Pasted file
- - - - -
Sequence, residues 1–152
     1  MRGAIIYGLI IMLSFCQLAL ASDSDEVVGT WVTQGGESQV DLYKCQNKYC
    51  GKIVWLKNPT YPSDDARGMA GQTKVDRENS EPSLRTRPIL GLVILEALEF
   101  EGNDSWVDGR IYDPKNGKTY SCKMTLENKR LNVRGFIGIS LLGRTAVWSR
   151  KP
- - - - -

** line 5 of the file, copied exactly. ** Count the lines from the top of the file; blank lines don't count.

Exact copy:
   151  KP